7 Artists Who Rap And Make Beats

By adamack on Oct 15, 2016 in Hip Hop Music , Lists - 3 Comments

In modern music, it is rare to come across an artist who can do multiple things well. Most pop artists you hear on the radio today are singers only. Their beats were created by outside producers, their lyrics written by specialized songwriters, and the songs mixed by separate engineers. Gone are the days where an artist wrote, produced, and recorded his or her own music exclusively by themselves.

In hip-hop however, most rappers at least still write their own lyrics. Some even produce their own beats. Listed below are 10 rappers who also have a knack for producing quality beats. Whether the beats are for their own songs or for other rappers, these artists are extremely talented and should be respected for their skills behind the mic AND in the producer’s chair.

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Kanye West: Kanye is the quintessential producer turned rapper. More so than anyone else on this list, Kanye has the crafts of rapping and producing down to a science. His production is respected by even the most critical hip hop heads, and his ability to write songs and make great albums speaks for itself. Kanye started his career making beats for artists such as Jay-Z, The Diplomats, and many others. When others laughed him off as a rapper, he believed in himself and – love him or hate him – turned into one of the most successful and important artists of the past decade.

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Dr. Dre: Dr. Dre is a legend in the hip hop game. A true household name and pioneer of the art form. Before Kanye’s reign, Dr. Dre was the king of all producers-turned-rappers. While he was never the most respected rapper in the game, Dre could hold his own on the mic, creating some of the most beloved and successful hip hop albums of all time. Behind the boards though, Dre is easily the most recognized, successful and inspirational hip hop producer of all time. Like Kanye, Dre is the executive producer behind his albums, and he is the king of collaborations with other artists.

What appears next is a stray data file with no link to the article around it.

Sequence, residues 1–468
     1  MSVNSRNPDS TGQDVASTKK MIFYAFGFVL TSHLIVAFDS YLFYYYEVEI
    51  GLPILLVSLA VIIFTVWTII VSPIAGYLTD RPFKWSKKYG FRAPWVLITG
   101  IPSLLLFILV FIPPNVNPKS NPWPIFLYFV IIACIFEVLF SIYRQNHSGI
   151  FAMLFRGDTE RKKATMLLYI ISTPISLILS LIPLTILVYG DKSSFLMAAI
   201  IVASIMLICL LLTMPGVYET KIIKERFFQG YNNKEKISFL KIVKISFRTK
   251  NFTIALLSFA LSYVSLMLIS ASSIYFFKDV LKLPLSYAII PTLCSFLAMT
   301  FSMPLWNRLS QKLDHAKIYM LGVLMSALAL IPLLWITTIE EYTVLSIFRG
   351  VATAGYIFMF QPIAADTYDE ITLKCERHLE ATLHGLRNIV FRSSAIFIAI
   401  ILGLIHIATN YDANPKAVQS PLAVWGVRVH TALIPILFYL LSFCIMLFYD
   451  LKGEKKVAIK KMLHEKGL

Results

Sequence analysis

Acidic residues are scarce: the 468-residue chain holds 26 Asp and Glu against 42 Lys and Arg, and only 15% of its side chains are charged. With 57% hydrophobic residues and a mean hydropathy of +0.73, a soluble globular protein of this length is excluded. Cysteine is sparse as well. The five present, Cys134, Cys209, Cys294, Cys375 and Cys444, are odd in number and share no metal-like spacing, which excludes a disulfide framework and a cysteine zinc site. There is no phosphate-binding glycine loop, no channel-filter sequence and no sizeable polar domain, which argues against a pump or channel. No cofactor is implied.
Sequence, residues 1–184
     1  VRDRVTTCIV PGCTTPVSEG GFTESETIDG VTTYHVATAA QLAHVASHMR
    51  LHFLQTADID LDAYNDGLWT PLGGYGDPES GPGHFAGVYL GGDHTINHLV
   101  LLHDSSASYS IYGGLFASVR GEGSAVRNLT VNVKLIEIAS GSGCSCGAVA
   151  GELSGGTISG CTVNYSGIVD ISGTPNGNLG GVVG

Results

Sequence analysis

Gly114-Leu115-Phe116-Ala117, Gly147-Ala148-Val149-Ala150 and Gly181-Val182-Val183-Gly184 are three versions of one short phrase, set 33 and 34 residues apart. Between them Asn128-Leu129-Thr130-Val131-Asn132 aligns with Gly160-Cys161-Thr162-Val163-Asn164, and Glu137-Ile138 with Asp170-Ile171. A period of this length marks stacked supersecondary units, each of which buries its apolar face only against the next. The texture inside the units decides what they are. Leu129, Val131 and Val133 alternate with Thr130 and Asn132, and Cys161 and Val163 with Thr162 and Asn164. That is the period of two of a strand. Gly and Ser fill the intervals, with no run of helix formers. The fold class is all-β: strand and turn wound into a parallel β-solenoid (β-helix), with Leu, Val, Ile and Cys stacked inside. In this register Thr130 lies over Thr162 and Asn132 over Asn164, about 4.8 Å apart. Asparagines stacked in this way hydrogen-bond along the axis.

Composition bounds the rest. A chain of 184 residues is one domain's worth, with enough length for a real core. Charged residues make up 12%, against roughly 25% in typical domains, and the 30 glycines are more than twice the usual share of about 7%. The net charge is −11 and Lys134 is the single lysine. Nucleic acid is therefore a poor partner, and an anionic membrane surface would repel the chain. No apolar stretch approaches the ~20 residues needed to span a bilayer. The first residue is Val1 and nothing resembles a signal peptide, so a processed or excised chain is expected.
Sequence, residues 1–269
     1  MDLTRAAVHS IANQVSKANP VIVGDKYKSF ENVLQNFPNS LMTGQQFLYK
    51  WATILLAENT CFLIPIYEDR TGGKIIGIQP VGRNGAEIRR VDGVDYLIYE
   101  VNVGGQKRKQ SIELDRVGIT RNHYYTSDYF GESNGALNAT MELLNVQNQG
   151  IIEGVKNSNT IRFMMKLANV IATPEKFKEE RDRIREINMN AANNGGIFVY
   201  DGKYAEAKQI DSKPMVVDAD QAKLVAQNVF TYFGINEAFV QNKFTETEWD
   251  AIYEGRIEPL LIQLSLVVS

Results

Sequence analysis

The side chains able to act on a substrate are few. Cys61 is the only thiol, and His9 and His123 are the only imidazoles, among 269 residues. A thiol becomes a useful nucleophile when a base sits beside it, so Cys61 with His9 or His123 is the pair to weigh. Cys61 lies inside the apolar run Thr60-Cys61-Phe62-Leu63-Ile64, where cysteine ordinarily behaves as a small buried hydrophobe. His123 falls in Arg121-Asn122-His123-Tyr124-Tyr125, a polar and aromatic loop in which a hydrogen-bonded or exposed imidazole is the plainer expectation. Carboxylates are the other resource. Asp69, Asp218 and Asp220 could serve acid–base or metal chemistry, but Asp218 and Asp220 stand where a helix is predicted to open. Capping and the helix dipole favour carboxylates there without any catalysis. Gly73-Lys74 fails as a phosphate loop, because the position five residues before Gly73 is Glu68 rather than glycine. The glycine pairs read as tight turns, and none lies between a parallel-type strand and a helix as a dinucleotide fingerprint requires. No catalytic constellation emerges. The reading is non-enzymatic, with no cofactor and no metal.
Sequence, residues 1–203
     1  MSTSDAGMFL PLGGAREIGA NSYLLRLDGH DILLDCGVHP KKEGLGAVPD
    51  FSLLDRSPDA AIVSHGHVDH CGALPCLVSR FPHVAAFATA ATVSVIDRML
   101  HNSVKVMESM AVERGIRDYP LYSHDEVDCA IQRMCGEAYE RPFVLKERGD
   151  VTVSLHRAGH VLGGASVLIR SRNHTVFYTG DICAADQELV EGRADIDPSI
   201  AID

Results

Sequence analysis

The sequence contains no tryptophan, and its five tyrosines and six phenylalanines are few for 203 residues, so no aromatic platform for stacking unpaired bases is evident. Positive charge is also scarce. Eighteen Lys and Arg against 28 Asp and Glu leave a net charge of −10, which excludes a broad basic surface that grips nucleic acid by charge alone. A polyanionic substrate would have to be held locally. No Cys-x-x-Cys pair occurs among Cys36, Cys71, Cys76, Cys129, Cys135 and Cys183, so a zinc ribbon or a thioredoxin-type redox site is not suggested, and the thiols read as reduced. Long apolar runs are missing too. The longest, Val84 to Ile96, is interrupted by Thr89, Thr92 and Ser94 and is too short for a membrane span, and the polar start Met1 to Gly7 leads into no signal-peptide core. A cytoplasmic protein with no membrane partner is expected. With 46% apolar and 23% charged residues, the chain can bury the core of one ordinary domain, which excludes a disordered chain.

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RZA: As the main producer for the Wu-Tang Clan, RZA created a hard, grimey, sample-based sound that served as the inspiration for up and coming producers everywhere. His style has always been unpolished and raw, and that is what made his beats so good. This imperfect sound focused not on quantized patterns and clean mixing, but rather a ruggedness that gave his beats a certain groove and swing that defined the New York street sound. On the mic, RZA was no different. He had a one-take mentality when recording, with raw verses that were often sloppy, but in the best kind of way.

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Havoc: Havoc, one half of Mobb Deep, was similar to RZA in that his beats were always dark, hard and gritty, and highly sample-based. The sound he created would eventually define the sound of Queens, NY, more specifically the Queensbridge project area which he was from. Songs like Shook Ones became synonymous with the hood. Though just as grimey, Havoc’s beats were mixed a bit more cleanly than those of RZA, but this didn’t take away from street appeal. Havoc was also a very talented rapper on the mic. He and Prodigy complimented each other perfectly, sharing verses and hooks on all of their songs. While Havoc was never known for being a crazy lyricist, the appeal of their music didn’t call for intricacy. It was more about having a hard sound to match his beats, which Havoc did well.